Absolute Valentine: When I produce a new album I always begin to create one or two tracks. I never compose a ton of demos as most of the other artists are doing. When I feel I have found a good direction, I begin to produce more tracks and begin the story. I always begin a new track with the end of the previous one; like that I'm sure they can follow each other. When I have three or four tracks I begin to think about the story and the tracklisting. By the way, I'm also inspired by what I live in real life.
Which song on “Omega” is your favorite and why?
Absolute Valentine: It's a hard question as on this album I like all the tracks, it was not the case in "Police Heartbreaker". But if I needed to choose only one it would be 'Spitfire' as it's a hard and emotional track at the same time.
And now time for some other questions I wanted to ask you. We’ll start with an opinion question. I’ve seen a lot of comments and controversies regarding the synthwave and dark synth scenes in general. A lot of folks say that all the projects and bands within the scene sound the same. They also seem to think that the scene is oversaturated. What are your thoughts on this?
Absolute Valentine: Mmmm, that's true I have read a lot of this kind of comment. My point of view is this one. I think sometimes people just focus on a point. If you are looking in the style, in an overall vision, you will be able to see a lot of subgenres, as you mention dark synth, synthwave, outrun, retro-electro, ambient, etc. Saying everybody sounds the same is totally untrue or perhaps people should be a little bit more open mind. I will give you some example who can say, Absolute Valentine, Robert Parker, Carpenter Brut, Gunship, Timecop1984, Waveshaper, Danger and more are sounding the same! In this case, a lot of styles suffer from the same disease, metal music first, hip hop, jazz and more. If someone can tell me Metallica sounds the same as Morbid Angel, I will ask him to stop to listening to music, hahaha!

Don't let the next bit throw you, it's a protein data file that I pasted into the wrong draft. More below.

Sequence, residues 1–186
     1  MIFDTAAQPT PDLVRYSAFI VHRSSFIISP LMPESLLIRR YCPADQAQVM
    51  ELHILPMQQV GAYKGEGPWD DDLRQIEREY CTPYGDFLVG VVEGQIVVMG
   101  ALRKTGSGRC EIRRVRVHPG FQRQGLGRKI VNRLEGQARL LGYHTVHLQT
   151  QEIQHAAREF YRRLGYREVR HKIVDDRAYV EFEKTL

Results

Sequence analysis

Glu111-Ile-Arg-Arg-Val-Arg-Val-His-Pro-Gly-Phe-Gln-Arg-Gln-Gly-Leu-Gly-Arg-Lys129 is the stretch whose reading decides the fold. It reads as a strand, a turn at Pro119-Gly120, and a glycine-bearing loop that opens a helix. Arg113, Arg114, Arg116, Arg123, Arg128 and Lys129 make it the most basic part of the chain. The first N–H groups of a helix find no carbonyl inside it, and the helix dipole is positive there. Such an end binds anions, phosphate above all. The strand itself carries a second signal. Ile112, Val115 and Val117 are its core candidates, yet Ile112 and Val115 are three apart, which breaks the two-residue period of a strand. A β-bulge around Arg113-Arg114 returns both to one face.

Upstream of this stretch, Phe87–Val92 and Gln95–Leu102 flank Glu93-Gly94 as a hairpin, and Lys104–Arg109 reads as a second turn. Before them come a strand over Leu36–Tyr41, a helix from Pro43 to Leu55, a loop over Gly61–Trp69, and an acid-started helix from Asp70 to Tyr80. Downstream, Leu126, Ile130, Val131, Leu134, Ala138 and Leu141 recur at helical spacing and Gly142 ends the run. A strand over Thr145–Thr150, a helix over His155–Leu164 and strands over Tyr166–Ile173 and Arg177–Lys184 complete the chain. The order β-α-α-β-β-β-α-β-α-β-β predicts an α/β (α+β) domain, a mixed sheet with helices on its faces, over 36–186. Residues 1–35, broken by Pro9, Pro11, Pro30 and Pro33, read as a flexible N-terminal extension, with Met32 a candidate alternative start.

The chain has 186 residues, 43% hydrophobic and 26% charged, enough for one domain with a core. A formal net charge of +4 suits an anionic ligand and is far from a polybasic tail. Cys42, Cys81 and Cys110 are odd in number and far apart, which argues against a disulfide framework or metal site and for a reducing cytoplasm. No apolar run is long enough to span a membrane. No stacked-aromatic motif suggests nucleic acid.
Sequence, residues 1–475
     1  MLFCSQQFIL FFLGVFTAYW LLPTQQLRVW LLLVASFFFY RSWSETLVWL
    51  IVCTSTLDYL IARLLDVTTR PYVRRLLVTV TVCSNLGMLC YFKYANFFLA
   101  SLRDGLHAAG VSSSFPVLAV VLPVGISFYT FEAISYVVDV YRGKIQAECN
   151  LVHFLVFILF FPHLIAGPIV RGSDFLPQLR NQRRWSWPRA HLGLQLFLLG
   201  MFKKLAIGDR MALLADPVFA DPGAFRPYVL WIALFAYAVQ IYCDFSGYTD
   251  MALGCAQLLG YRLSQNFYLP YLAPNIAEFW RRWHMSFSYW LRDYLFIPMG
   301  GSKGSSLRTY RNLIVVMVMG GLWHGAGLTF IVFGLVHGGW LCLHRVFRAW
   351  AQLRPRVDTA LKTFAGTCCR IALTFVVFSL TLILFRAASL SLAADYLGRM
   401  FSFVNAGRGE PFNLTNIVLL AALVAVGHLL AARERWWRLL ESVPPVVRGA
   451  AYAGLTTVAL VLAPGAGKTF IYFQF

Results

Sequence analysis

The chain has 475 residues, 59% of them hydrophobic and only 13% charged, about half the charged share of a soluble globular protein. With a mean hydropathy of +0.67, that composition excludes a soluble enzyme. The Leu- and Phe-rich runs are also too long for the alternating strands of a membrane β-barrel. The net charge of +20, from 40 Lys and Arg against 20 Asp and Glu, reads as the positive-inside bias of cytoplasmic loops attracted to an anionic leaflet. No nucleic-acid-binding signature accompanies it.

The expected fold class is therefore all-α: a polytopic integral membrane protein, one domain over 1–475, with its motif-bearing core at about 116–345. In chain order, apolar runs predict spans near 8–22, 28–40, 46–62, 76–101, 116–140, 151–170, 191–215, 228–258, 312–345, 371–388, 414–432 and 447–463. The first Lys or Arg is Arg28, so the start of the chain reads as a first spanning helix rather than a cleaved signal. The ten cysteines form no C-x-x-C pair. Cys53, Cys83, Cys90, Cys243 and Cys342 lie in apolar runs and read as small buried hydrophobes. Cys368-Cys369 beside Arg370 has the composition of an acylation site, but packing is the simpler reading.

It's also because music consumption has changed, when I was a teenager, I needed to go in a special music shop, and I was speaking with the boss to discover new bands, new music, new concept. Today, it's harder and easier at the same time, you type a style of music in Google and it will generate you a playlist without telling you if a band will be special to you. About the fact the scene is oversaturated, I can give the same example, Metal music gets a ton of bands but only the most inventive bands emerge.
Since you just released “Omega”, do you have anything else planned for 2019? Will you be going on tour, performing live, or releasing any other EPs or singles?
Absolute Valentine: I will perform live and works on more singles. I hope to be able to collaborate more with other bands.
And I believe this will do it! I would like to thank you so much for your time once more. I wish you the best of luck with “Omega” as well. The space below is for anything else you would like to say. Cheers!
Absolute Valentine: Thanks a lot for your amazing support, Brutal Resonance is an amazing website!!!
I am α and Ω,
The beginning and the end,
The first and the last,
The protector and the executioner
To be continued...
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We have our own recording studio. That's our job. But few musicians can afford the services of the studio. There are so many projects in Russia, but they are of poor quality. We try to explain to people that if they will not support the artists that no one can create. But now it's useless.
Sleetgrout, Jun 19 2014
I've been writing for Brutal Resonance since November of 2012 and now serve as the editor-in-chief. I love the dark electronic underground and usually have too much to listen to at once but I love it. I am also an editor at Aggressive Deprivation, a digital/physical magazine since March of 2016. I support the scene as much as I can from my humble laptop.